The widowed aunt had written in her Will: “I give $5,000 to [nephew] if he takes care of my cat.”
The nephew put the cat to sleep. He then demanded the five grand from his aunt’s estate. His reason: “I took care of the cat.”
They ended up in court. And the judge wisely decided that what the aunt had meant by taking care of the cat was markedly different from what the nephew claimed she meant.
Now before you groan, it would only be fair to tell you the other side of the case. A witness testified how much the aunt had loved her cat.
But there was also evidence that the aunt knew that her nephew didn’t like her cat at all. So the aunt was picking a fight by putting this provision in her will.
We all can wince at incidents like these. They can be avoided: Rule #1: Don’t entrust your pet’s care to someone who hates your pet. Rule #2: Don’t leave your pet to someone who’s allergic to your pet. You get the idea.
A much better route: create a Pet Trust. A new statute now allows for them. And a court can be used to oversee what you provide in the Trust.
Here’s the big picture:
You can choose the right person to receive a bequest to provide for your animal if you are dead or disabled. You can even provide for a succession of persons.
Or you can provide for one person to provide a home and care for your animal, using funds which you’ve entrusted to another person to hold, invest, etc. (“My pet is to live with X, and my trustee shall give X the funds to pay for all the expenses of caring for my pet.”)
And yes, the Georgia Code allows for a trust to provide for the care of more than one animal.
Now in “human” trusts, the beneficiary can go to court if the trustee is not abiding by the trust’s terms. Or the trustee can seek a judge’s help if the beneficiary is missing, or the trustee is concerned about distributions to a beneficiary being squandered on drugs.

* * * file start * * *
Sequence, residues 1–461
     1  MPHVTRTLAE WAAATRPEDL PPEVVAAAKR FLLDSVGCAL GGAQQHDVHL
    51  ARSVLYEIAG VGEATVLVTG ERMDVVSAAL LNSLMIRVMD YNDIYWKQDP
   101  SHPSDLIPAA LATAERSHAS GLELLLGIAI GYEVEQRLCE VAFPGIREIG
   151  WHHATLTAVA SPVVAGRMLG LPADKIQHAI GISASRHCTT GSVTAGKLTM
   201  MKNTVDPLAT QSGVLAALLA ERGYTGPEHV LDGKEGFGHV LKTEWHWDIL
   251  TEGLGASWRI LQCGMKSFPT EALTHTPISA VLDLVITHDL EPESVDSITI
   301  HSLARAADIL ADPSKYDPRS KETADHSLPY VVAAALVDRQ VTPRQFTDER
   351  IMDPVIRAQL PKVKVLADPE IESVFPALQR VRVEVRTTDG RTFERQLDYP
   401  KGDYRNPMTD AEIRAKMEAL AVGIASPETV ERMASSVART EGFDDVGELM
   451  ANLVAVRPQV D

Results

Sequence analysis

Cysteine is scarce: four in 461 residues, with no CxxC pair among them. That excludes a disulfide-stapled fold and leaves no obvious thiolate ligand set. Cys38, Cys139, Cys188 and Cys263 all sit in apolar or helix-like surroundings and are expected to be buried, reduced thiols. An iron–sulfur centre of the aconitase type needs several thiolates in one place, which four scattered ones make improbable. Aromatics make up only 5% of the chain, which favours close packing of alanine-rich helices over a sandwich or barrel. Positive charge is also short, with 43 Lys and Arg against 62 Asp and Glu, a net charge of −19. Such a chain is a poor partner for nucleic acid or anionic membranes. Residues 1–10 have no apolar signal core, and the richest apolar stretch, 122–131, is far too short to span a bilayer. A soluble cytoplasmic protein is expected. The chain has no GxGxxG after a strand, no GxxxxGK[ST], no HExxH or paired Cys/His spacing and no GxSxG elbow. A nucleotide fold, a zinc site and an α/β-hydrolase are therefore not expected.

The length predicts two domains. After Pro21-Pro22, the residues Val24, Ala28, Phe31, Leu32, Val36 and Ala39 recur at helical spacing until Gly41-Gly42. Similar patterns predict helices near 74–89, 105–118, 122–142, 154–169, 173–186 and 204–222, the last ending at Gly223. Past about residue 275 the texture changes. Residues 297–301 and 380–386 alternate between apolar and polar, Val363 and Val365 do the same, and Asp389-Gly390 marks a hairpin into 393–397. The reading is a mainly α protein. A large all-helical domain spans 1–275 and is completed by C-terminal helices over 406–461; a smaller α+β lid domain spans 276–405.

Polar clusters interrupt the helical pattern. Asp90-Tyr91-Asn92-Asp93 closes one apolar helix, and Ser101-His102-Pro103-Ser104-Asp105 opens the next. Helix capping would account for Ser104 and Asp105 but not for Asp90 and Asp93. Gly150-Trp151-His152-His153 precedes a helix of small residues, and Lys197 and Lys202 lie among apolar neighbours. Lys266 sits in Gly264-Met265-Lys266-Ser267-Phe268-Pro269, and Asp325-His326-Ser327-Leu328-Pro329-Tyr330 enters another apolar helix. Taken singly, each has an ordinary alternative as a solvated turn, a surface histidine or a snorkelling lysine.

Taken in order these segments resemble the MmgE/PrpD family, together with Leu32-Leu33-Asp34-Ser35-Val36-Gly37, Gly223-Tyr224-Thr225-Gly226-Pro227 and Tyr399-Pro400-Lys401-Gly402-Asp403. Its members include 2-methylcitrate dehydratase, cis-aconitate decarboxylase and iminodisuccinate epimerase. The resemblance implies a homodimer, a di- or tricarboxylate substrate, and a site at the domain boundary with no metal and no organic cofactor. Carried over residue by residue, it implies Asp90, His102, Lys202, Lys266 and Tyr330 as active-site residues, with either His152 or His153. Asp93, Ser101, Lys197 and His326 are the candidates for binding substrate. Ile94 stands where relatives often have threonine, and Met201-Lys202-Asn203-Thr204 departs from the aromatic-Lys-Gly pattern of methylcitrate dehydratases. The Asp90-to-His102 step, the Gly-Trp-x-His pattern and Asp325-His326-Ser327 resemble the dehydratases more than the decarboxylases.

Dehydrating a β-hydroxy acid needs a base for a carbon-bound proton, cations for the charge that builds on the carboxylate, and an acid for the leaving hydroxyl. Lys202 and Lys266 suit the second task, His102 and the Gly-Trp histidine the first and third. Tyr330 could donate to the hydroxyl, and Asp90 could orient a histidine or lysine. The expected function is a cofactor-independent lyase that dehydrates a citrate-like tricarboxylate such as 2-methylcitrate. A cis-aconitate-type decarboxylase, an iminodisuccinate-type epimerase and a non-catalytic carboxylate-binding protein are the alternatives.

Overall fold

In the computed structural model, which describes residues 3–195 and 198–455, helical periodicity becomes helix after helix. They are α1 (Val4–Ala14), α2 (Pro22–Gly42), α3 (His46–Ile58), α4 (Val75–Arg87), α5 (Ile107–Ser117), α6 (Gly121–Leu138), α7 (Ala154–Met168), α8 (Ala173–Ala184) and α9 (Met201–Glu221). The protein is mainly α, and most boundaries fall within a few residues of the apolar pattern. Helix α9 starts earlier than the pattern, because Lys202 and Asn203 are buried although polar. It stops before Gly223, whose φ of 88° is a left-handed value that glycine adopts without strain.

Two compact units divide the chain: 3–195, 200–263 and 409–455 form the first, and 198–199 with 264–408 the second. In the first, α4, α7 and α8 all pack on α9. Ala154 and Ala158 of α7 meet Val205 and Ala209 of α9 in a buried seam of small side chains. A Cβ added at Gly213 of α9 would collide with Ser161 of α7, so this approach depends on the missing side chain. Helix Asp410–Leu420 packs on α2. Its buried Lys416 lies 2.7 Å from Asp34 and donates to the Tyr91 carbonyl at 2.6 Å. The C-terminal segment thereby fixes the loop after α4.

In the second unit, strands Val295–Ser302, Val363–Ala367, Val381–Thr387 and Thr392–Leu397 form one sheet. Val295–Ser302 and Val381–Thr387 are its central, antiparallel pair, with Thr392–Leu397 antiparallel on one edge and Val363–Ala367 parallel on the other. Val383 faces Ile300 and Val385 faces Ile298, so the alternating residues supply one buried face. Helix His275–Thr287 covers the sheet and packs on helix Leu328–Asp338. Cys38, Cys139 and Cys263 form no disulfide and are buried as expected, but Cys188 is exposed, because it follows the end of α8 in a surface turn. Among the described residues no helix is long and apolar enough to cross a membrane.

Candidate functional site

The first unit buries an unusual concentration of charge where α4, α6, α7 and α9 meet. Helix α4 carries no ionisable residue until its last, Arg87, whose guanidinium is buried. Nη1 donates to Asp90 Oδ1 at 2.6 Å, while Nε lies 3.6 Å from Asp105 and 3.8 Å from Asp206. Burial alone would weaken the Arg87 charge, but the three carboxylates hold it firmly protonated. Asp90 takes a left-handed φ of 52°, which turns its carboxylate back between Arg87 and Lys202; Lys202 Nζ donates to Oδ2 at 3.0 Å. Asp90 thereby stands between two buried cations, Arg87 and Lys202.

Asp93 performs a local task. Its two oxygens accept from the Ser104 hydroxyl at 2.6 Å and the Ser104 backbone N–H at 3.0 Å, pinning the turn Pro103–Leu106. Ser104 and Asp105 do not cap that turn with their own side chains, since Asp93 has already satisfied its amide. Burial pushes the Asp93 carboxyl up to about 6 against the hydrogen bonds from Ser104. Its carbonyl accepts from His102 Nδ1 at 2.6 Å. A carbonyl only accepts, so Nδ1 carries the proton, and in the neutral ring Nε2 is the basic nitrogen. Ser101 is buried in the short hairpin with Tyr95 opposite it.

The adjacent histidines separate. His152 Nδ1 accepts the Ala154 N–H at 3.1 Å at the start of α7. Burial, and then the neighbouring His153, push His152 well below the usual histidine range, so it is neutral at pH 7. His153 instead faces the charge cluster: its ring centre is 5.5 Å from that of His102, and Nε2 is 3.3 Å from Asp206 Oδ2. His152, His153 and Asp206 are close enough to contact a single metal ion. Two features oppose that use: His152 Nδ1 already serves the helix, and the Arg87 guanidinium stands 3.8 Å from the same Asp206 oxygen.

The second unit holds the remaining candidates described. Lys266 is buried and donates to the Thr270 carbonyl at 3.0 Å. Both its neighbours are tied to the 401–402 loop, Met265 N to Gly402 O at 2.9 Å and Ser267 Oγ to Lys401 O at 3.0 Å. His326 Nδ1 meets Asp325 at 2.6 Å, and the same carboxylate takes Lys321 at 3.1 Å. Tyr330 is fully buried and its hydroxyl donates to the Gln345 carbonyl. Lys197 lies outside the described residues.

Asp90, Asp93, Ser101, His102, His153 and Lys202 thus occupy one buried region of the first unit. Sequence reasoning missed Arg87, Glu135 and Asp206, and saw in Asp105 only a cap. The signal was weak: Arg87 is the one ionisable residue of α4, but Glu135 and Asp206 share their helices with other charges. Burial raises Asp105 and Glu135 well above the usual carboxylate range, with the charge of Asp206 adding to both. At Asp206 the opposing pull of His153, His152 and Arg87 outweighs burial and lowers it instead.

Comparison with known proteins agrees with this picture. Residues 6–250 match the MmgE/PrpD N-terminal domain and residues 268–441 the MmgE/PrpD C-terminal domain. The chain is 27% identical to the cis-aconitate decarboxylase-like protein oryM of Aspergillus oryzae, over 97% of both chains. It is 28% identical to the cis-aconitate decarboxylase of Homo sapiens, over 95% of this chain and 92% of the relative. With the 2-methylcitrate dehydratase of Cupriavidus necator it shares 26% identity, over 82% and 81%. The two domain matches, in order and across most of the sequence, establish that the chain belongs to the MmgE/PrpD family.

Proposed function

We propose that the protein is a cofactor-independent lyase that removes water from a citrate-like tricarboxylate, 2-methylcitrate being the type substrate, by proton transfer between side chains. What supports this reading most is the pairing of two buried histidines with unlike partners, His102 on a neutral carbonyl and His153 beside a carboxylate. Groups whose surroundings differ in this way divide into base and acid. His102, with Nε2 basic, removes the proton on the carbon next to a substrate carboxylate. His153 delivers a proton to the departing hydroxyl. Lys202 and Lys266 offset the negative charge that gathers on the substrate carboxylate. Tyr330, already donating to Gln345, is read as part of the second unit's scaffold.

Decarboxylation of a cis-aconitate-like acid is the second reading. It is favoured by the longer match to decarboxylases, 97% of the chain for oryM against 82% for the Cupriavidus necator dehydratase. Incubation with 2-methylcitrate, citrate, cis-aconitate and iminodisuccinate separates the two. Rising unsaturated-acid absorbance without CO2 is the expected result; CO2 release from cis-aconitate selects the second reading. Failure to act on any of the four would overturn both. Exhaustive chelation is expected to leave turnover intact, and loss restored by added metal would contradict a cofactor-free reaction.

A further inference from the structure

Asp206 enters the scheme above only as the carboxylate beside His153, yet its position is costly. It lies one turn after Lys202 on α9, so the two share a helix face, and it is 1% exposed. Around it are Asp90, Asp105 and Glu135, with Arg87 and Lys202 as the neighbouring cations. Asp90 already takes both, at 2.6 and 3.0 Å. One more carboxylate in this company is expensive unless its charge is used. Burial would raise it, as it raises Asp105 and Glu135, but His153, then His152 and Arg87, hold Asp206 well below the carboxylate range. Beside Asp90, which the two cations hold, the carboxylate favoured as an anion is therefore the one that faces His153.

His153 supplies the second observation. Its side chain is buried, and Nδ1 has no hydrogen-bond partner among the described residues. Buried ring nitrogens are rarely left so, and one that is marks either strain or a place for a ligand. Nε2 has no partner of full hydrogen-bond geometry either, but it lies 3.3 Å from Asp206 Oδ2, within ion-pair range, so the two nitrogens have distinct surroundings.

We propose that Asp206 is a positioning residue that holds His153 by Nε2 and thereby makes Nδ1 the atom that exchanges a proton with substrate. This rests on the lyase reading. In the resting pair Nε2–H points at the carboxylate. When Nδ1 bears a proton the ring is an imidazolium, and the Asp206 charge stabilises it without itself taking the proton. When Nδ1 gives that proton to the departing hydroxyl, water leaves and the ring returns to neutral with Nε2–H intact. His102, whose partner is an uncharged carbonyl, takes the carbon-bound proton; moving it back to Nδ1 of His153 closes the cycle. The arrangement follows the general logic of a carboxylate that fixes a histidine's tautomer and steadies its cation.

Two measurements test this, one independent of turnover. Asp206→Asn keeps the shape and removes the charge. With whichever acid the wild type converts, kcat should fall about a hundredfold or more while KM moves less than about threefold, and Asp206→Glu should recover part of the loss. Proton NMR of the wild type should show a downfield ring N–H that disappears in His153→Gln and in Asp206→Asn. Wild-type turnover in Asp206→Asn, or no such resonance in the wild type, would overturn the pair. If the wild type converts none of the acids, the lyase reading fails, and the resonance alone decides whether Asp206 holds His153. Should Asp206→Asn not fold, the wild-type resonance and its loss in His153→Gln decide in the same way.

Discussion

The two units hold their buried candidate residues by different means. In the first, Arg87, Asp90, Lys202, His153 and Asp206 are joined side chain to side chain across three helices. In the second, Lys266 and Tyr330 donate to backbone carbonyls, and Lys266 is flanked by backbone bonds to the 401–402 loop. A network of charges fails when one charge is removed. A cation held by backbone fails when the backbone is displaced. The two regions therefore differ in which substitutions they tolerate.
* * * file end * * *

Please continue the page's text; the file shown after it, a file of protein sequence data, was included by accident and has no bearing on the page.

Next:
And if alive, a trust’s creator (i.e., the “grantor” or “trustor”) can ask for a court’s help if this person thinks that the trust isn’t being administered according to his or her wishes.
It’s not this easy in a Pet Trust. Your pet is never, ever going to file a suit for a protective order, or to ask for a change in guardian. This isn’t some courtroom scene out of a cartoon, the Honorable Scooby-Doo presiding.
But Georgia law does provide that any person who’s interested in an animal’s welfare can go into court on the animal’s behalf.
This caring soul could ask the court to change the trustee because the trustee isn’t doing what the trust specifies. Or if someone named in the Pet Trust needs to be replaced for any other good reason.
Here’s one big caution, though. The Pet Trust terms need to be done correctly and will need to be integrated with your other legal documents. This doesn’t happen in a fill-in-the-blank form.
And no form language covers the situation if your pet is a horse, coatimundi, or spider.
Bottom line: if you want the law to help protect your pet if you’re gone, or if you’re totally disabled and not able to care for your pet, now you have a way.